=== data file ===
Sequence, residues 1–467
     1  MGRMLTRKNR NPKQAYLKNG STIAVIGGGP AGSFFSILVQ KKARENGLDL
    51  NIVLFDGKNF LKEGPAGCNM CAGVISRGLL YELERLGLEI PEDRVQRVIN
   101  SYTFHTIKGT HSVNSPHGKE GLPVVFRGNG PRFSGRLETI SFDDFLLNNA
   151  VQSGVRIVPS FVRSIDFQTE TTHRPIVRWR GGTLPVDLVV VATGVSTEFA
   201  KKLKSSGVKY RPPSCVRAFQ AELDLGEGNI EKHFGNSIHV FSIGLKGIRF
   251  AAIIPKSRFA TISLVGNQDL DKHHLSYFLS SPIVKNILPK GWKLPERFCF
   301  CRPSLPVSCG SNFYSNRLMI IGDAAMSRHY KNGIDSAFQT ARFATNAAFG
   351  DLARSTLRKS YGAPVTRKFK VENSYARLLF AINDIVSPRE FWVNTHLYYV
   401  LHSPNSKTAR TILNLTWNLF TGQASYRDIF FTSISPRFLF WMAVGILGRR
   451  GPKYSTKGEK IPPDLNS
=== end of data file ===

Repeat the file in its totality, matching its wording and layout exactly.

Sequence, residues 1–467
     1  MGRMLTRKNR NPKQAYLKNG STIAVIGGGP AGSFFSILVQ KKARENGLDL
    51  NIVLFDGKNF LKEGPAGCNM CAGVISRGLL YELERLGLEI PEDRVQRVIN
   101  SYTFHTIKGT HSVNSPHGKE GLPVVFRGNG PRFSGRLETI SFDDFLLNNA
   151  VQSGVRIVPS FVRSIDFQTE TTHRPIVRWR GGTLPVDLVV VATGVSTEFA
   201  KKLKSSGVKY RPPSCVRAFQ AELDLGEGNI EKHFGNSIHV FSIGLKGIRF
   251  AAIIPKSRFA TISLVGNQDL DKHHLSYFLS SPIVKNILPK GWKLPERFCF
   301  CRPSLPVSCG SNFYSNRLMI IGDAAMSRHY KNGIDSAFQT ARFATNAAFG
   351  DLARSTLRKS YGAPVTRKFK VENSYARLLF AINDIVSPRE FWVNTHLYYV
   401  LHSPNSKTAR TILNLTWNLF TGQASYRDIF FTSISPRFLF WMAVGILGRR
   451  GPKYSTKGEK IPPDLNS